Okay, hopefully I can get through this post a lot faster than the last. Truly appreciate your patience and that you’re still reading. 👍😄
Our stay in Rapid City was very enjoyable. I loved the places we visited and as a suburban girl so liked the wildlife. One very interesting place also nestled in the Black Hills is the Crazy Horse Memorial. Located not far from Rushmore and Custer State Park. https://crazyhorsememorial.org/ “Acting as a repository for Native American artifacts, arts and crafts through the INDIAN MUSEUM OF NORTH AMERICA® and the NATIVE AMERICAN EDUCATIONAL & CULTURAL CENTER®;”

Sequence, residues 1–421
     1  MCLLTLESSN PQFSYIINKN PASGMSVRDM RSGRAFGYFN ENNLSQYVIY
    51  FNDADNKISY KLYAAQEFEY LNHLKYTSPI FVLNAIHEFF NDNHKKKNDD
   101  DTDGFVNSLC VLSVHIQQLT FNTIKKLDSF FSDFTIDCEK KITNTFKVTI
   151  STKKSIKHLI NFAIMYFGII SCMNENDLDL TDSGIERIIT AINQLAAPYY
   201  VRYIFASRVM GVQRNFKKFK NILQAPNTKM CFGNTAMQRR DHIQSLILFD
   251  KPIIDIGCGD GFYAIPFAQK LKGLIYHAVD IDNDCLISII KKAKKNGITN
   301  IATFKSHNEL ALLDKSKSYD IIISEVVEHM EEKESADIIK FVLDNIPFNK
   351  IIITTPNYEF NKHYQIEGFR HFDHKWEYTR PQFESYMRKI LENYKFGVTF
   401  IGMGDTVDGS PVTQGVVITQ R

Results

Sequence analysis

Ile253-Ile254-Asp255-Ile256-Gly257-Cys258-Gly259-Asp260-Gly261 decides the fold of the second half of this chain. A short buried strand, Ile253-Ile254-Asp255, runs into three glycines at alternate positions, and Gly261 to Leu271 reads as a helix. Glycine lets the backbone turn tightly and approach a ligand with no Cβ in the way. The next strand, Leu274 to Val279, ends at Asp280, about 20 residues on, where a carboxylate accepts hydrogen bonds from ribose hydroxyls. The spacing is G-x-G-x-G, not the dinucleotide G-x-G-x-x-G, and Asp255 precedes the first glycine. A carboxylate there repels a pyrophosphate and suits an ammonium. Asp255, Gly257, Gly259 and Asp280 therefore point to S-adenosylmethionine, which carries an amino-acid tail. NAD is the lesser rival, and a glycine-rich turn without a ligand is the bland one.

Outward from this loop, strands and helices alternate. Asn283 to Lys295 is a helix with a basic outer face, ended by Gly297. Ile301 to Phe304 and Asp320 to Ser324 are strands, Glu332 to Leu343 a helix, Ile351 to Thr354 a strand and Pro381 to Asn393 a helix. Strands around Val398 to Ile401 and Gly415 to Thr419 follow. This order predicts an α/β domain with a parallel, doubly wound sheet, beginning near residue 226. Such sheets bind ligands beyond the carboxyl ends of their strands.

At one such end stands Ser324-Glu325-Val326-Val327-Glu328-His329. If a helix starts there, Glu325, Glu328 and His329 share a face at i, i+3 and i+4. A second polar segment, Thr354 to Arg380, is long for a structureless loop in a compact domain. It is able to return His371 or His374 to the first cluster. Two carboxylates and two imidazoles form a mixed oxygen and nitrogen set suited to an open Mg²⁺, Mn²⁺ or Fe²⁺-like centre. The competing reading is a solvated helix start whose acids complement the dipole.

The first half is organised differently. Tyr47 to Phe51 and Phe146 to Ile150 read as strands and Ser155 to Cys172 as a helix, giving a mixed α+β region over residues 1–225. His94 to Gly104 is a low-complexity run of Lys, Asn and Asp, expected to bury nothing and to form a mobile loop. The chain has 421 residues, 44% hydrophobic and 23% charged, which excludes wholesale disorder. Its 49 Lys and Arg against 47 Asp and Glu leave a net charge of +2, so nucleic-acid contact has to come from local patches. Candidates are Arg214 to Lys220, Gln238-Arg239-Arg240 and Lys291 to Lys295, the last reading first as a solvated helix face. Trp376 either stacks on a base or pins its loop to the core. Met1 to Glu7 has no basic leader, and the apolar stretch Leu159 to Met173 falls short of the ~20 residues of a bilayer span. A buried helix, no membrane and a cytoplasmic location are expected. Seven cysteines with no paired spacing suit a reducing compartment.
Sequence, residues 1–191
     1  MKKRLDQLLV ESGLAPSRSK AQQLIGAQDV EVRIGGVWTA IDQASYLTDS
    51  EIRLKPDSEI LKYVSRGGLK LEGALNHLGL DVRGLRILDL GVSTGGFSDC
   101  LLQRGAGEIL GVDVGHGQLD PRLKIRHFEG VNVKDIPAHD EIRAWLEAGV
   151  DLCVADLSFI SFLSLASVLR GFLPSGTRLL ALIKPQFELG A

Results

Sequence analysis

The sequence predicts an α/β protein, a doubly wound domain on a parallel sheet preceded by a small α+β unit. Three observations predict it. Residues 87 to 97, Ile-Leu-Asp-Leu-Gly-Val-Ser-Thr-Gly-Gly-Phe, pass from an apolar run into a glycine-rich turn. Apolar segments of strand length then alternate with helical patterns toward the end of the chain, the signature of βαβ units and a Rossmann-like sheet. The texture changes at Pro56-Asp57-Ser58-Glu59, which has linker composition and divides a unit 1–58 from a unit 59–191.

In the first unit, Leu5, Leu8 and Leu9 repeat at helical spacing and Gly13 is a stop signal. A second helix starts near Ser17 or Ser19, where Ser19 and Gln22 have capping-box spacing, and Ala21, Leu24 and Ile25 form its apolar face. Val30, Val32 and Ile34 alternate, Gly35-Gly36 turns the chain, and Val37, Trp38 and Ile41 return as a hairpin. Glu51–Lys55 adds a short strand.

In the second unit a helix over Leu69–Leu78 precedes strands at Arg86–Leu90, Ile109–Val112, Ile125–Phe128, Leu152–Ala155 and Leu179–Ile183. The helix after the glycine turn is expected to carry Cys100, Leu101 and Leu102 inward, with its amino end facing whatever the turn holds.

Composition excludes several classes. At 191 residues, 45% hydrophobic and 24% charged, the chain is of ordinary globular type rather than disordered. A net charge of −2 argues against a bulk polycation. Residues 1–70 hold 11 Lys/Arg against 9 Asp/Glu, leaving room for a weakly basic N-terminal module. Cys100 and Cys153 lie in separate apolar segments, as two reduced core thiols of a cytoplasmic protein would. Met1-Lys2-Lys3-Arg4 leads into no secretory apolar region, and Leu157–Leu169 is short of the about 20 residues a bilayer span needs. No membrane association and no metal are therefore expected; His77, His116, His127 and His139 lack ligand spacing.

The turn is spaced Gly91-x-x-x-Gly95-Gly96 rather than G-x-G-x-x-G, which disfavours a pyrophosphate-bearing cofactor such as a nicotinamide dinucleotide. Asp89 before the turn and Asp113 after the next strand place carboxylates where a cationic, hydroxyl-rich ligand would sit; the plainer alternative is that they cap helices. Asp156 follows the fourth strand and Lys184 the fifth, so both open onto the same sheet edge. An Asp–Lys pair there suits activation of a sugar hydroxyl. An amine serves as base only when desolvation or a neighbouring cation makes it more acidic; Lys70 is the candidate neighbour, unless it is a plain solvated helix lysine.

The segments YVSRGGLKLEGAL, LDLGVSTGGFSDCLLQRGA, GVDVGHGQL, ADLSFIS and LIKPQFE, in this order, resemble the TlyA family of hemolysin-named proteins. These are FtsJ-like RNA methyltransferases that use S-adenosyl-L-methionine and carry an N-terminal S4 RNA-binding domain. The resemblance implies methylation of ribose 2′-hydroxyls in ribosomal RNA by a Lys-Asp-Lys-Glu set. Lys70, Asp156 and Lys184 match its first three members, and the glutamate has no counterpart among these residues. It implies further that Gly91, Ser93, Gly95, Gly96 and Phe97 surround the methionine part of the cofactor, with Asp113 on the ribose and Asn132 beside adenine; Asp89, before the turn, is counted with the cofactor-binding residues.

As you can see the monument is still a work in progress. It should be phenomenal when completed. Model of the finished monument. On site is a museum, a Native American cultural and educational center. A huge undertaking, but a worthy endeavor. I hope they’ll be able to complete what was started so many years ago. As with everything it’s a matter of money. This is a model of the community it will be one day. Along with the cultural center, a university and student housing. We said goodbye to Rapid City, didn’t get a chance to say goodbye to the deer 🦌 family, and continued on. Travelled west on I 90, hit Wyoming, then south on I 25. Wyoming….this year we didn’t plan on any particular stop, saving it for another time. The drive through was wonderful, except for the wind and gusts. Traffic was practically nil, I got about an hours driving time. Woohoo!! We took our time traveling through marveling at the wildlife we saw along the way, miles and miles of open land. I was hoping to see the elusive jackalope. Searching the hills as we were driving I did catch a silhouette of what was a possibility sitting on top of a distant hill. Too far and driving too fast to get a good look. 😉Mostly we saw pronghorns, occasionally deer. Once an eagle 🦅 passed us, taking off from the median. At one rest stop a large black hog was wondering nearby. And when we stopped to get diesel these guys were hanging around. Deer everywhere. Then saw this guy sitting outside the Sinclair station. Used to see a lot of them when I was a kid. First I’d seen in many a year. These are snow fences. https://en.m.wikipedia.org/wiki/Snow_fenceOh and the welcome center/ rest stop at Cheyenne, Wy is well worth a stop. They’ve built a mini museum inside. Lots of Wyoming and western history, we must of spent an hour just looking through the displays. A lot of interesting things to see when we next go back. Continuing south on I 25, Colorado was next. Passed by the Broncos stadium And stayed at the Elks Lodge in Colorado Springs for several days. It is a pretty city. Though coming from places where life is less hectic it was a bit hard getting back to a place where it’s more. There’s an old town section on the north end of town, several blocks of stately manor homes some dating over one hundred years. Just curious as to the price range of some of the homes, way out of our price range, up to and over $1,000,000.00. Craftsman, Italianate, Tudor to Victorian and more so many different styles of architecture, it’s an enchanting historic area. William, of course, found a place to play Pickleball, Monument Valley Park. Seems the sport is quite popular there too! The park runs along Monument Creek and here is one of its residents. There are trails running along the creek great for walking, running, cyclists…. well maintained, rest rooms along the way, play grounds for the kids, benches. It was a joy to take a good long walk. Along with being a college town, it’s also a tourist town. The only two we visited were Garden of the gods and Pikes Peak. Garden of the Gods, at the foot of Pikes Peak. Balancing Rock It was a slow drive through the Garden of the Gods, the rock formations were fascinating. There are many trails through the area if one so chooses to hike. We didn’t. Though it was a thought. While there are plenty of wildlife we only came across two during our drive. Fortunately we were already driving slowly when a doe walked in front of our car to the other side of the road. As she crossed her fawn abruptly walked on to the road trying to follow. My window was down and I could hear the little gal calling for her mom. Such a cute little sound. She was standing along side my door staring at me with that cute little face and big ears, looking around for her mom, crying the whole time. She lost track of her mom as our car was in the way. Finally the fawn walked behind us, off the road, reunited with mom. Happy ending!Would have been good to get a picture but if I moved I thought she’d bolt, so just sat there watching. A couple of days later we drove up Pikes Peak. The forecast called for thunderstorms later in the day but it was a pretty morning and we started out early even though there were lots of clouds. Pikes Peak Highway is a toll road. The other option is cog train but at $40.00 a head the toll road was the cheaper option at $15.00 per person. (As we keep reminding ourselves we’re not on vacation, on a fixed income, so we still have to watch our pennies) The scenery was filled with aspens and pines,a touch of fall in mid September. Crystal reservoir This is as close as we got to see the real big foot. Just as elusive as the jackalope. Made it to the summit. Bright and sunny. It was 29 degrees that morning and ice on the ground. Beautiful viewsTotal cloud cover on this side of the mountain. Fun drive down. Fortunately I wasn’t the driver. At 14,115 ft above sea level, Pikes Peak isn’t the tallest in the Rocky Mountains, seems to be the most famous. The poem/song America the Beautiful was inspired by this mountain. It was an enjoyable day. The rest of our stay in CO Springs was getting ready to hit the road again (and Pickleball). Then headed south again to New Mexico. We traveled through, not stopping except at rest stops for meals and sleep, hitting I 40 west at Albuquerque. Views along the way. Wagon Mound (butte off I 25) Santa Fe Continental Divide On to Arizona and California Thanks for your time!! Wishing you a wonderful day and Safe Travels! If you like our site 👍 like us to let us know. Or follow us to be notified when there’s a new post.